I’ve been sharing a few posts on why the people in Ikaria, Greece, live so long. Why it’s a “Blue Zone”. You can catch up here and here on the gist (and there’s more to come). The really big question that dangled during my stay here, however, is where’s the sugar issue sit in all of this?

In his bestseller The Blue Zones, Dan Buettner really doesn’t tick off the issue, but he was pretty keen to hear about my thoughts on sugar and longevity while we were in Ikaria and we debated it – robustly – over the week. I outline things in these two videos that Dan’s National Geographic team shot with me:

[youtube]http://www.youtube.com/watch?v=I7XPaAf84r8[/youtube]

[youtube]http://www.youtube.com/watch?v=0c-RktgF1F0[/youtube]

In short, the people here do eat sugar.

Today many put 1-2 teaspoons of sugar or local honey in their coffee or frappes. And they can drink several of these a day.

They also eat honey. They advise a teaspoon of their thyme honey in the morning on an empty stomach. You then eat something a good hour after that. They also eat yoghurt with honey, as well as “sweet fruits” – whole fruit jams made from sour cherries.

But several things:

  • Traditionally, sugar has been a treat, consciously eaten and honey was a delicacy, consumed in small amounts.

  • Coca Cola only arrived here just 20 years ago. Mars Bars haven’t made it yet. It’s actually hard to find junky food here – it’s not screaming at you at chemists, petrol stations etc – though the young people do consume way too much of it. This is another story. For now, we’re having to confine things to the secrets of the oldies and what they’ve done to live so long. This is what we’re to learn from (and hopefully the younger generation will, too).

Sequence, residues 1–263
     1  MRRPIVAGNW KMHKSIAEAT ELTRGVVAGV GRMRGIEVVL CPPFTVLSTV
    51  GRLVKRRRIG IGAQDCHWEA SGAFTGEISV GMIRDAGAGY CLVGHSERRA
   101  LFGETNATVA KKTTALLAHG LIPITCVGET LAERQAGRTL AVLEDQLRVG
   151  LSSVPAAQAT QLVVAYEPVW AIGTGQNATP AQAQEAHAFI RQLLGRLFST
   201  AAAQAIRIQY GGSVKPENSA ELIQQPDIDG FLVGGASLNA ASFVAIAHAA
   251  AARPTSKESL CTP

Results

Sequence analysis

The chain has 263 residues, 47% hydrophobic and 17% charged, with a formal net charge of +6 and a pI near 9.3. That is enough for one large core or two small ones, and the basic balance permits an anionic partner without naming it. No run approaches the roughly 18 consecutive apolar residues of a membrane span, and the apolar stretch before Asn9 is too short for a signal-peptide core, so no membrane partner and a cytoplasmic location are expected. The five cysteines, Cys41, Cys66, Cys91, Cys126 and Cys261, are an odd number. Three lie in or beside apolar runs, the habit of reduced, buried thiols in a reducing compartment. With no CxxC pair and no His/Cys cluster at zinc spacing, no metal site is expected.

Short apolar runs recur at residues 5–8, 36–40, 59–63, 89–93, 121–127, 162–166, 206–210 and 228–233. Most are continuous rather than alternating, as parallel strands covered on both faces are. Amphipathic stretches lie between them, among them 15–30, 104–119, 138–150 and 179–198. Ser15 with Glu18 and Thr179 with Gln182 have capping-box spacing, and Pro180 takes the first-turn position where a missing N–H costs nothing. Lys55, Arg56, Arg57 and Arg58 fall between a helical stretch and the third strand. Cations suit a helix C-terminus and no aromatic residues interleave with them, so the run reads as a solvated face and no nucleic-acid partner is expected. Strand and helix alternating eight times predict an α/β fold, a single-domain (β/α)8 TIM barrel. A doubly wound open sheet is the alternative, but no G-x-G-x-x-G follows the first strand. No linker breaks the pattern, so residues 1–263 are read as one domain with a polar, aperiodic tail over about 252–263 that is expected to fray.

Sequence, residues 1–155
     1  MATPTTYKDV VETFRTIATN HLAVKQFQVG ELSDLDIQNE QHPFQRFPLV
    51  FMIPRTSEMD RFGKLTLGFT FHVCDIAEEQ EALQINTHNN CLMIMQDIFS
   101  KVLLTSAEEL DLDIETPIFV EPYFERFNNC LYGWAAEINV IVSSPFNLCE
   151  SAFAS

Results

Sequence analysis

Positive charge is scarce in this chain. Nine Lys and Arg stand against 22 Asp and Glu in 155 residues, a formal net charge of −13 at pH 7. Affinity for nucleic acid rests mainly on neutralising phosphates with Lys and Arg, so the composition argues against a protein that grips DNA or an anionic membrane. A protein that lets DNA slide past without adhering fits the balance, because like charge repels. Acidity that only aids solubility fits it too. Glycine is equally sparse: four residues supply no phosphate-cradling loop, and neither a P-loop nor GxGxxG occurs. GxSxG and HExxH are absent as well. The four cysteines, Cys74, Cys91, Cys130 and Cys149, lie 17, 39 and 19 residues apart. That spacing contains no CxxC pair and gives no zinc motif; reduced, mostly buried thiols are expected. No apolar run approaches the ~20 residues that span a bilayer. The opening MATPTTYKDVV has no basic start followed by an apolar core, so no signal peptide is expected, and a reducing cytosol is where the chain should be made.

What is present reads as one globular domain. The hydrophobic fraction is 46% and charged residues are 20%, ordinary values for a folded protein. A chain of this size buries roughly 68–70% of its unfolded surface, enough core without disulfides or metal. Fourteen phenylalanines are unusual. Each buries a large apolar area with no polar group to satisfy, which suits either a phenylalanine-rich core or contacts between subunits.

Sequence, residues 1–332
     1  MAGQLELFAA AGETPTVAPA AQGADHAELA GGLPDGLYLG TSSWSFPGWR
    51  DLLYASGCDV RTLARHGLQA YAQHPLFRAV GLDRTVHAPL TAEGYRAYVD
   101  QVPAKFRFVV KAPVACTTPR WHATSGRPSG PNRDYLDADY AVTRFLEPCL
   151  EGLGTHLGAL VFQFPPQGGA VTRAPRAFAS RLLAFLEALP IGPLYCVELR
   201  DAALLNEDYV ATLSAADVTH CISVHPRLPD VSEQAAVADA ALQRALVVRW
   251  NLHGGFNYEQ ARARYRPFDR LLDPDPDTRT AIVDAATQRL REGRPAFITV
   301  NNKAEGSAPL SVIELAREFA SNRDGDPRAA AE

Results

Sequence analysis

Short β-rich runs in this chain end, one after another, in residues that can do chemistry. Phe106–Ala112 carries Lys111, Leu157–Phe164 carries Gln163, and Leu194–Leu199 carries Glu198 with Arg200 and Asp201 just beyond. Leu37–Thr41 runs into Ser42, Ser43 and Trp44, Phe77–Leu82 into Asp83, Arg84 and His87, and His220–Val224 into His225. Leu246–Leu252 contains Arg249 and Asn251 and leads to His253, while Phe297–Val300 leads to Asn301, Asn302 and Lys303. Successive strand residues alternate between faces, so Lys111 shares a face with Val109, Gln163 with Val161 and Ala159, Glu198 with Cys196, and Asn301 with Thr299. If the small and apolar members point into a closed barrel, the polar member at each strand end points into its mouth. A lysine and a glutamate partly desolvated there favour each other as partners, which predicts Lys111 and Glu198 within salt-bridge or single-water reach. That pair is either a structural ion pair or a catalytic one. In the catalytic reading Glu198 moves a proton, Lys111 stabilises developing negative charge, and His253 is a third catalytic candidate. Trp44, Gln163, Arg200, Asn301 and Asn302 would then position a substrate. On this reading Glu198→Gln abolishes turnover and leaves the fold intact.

• Dessert is not an everyday thing. Yes, they eat sweet things…but at celebrations. I was not once offered a desert menu at a restaurant. They don’t exist.
  • Hidden sugars are super rare. The Ikarians don’t eat skim milk yoghurt. They don’t drink juice (only whole fruit). There are no pasta sauces from a jar, no bread from a packet. This is where real sugar consumption sits, as we all know.

So the upshot is that any sugar they’re eating is consciously eaten. They add it themselves. They’ve always added very little and my guess would be that it would equate to less than the sugar contained in an individual serve of “no added sugar” skim milk yoghurt…perhaps 6-8 teaspoons a day.

As an aside, here’s some information David Gillespie posted on the link between sugar and aging.

As another aside, I didn’t crave sugar once in Ikaria. I ate a little honey…mostly to experience the beautiful flavour, but also because my diet was so clean while I was there that I knew my body was happy to eat it. The clean diet – absolutely no chemicals or additives in over three weeks – had a big part to play, I feel. And the fat! I was never left hungry. What do you make of all this? Think sugar has a part to play?

Have your say, leave a comment.

  • George

    I lived there for years…bread and pasta is eaten all the time.

  • Denise Dragounova

    I trough that when i stop eating sugar i wouldn’t stick to it, its impossible and i couldnt imagine live without it. i cutted all sugar from wheat flour to chocolade and to my surprise i stopped craving it in couple of weeks, and today i wouldnt even find it tasty. in fact, simple sugary things like icecream tastes horrible and i can feel how toxic it is, starting in bad teeth, candida overgrowth, fungus, slow metabolism, malnutrition, civilized ilnesses, slower brain function etc etc etc doesn’t worth it. and when i do crave something sweet, thers plenty of substitute pure natural sugars like coconut sugar or stevia.

  • Cassandra

    How is the wine made in Ikaria without sugar?